Americans Against Mortgage Bail Out
Americans are overwhelmingly against the
U.S. Congress bailing out the nation's financial markets from the
subprime crisis, according to a new poll by Housing Predictor.
Americans overwhelmingly believe the U.S.
Congress should not bail out the nationís financial markets from the
subprime loan crisis, which is spreading into the conventional
mortgage markets, according to a new poll conducted by Housing
The online survey overwhelmingly showed respondents do not want the
government to get involved in the hedge fund debacle, which is
reported to run into billions of dollars in losses for investors,
Wall Street investment houses and home owners under going
Eighty-one percent said they did not want the government to bail out
investment houses or get involved in the crisis. Only 19 percent
said they wanted Congress to bail the hedge funds out of trouble.
The online survey was conducted over a 30 day ending August 4.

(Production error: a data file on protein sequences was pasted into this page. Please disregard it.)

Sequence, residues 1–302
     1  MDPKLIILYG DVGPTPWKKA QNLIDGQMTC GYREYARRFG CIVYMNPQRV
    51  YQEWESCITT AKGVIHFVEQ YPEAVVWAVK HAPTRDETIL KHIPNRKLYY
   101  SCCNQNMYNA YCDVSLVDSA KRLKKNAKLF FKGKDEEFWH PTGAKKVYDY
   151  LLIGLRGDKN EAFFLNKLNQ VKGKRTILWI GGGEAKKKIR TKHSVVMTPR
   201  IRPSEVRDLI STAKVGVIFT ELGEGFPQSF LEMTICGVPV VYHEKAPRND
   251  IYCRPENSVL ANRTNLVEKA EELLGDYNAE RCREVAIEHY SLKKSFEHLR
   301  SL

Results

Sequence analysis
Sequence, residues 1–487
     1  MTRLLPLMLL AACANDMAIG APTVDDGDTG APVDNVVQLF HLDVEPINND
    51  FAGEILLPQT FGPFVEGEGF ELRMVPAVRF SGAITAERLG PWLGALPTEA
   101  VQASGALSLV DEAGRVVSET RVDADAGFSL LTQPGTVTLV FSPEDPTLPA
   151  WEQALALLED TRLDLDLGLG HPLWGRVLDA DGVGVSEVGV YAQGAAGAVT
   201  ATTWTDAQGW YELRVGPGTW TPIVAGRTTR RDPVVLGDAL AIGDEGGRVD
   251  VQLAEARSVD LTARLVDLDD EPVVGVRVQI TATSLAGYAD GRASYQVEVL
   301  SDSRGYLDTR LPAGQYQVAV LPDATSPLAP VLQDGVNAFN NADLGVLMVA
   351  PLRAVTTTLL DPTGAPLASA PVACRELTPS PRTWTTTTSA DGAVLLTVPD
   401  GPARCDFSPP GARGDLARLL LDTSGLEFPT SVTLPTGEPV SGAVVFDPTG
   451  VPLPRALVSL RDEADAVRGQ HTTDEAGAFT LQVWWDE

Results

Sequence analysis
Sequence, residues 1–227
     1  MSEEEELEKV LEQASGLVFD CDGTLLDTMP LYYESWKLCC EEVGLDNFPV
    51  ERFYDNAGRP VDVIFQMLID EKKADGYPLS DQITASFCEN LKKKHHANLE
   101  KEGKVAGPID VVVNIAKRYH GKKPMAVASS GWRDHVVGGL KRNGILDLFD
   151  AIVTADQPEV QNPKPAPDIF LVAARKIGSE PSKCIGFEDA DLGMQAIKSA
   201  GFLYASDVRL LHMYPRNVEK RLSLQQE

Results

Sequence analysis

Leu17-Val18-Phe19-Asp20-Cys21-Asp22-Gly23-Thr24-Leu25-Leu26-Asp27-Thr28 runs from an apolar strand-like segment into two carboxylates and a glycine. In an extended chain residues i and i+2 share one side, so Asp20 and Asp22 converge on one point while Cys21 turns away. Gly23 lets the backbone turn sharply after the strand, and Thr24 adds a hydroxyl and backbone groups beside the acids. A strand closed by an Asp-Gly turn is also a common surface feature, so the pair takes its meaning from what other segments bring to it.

U.S. tax payers paid billions of dollars in additional taxes to bail
out the savings and loans in the 1990's when the U.S. Savings and
Loan Fraud scandal occurred, which was the largest white collar
scandal in the nationís history. It cost every man, woman and child
an estimated $10,000 at the time.
Foreclosures are at near record levels in many real estate markets
throughout the nation as a result of the subprime crisis. Investment
hedge funds provided funding for mortgages to borrowers with damaged
credit, making them at a higher risk for foreclosure. As interest
rates adjusted on many mortgages an increasing number of subprime
borrowers either could not afford higher payments or were
discouraged enough to walk from their mortgages all together due to
a slow down in the housing market.
The subprime crisis was mainly contained to lower and middle class
neighborhoods in urban centers, not affecting a larger majority of
the nationís real estate markets, but a Housing Predictor study in
April showed the crisis had crept into conventional lending markets.
However, second home and vacation markets are immune from the
crisis, and purchasers of higher priced real estate rarely attempt
to obtain mortgages through the subprime market.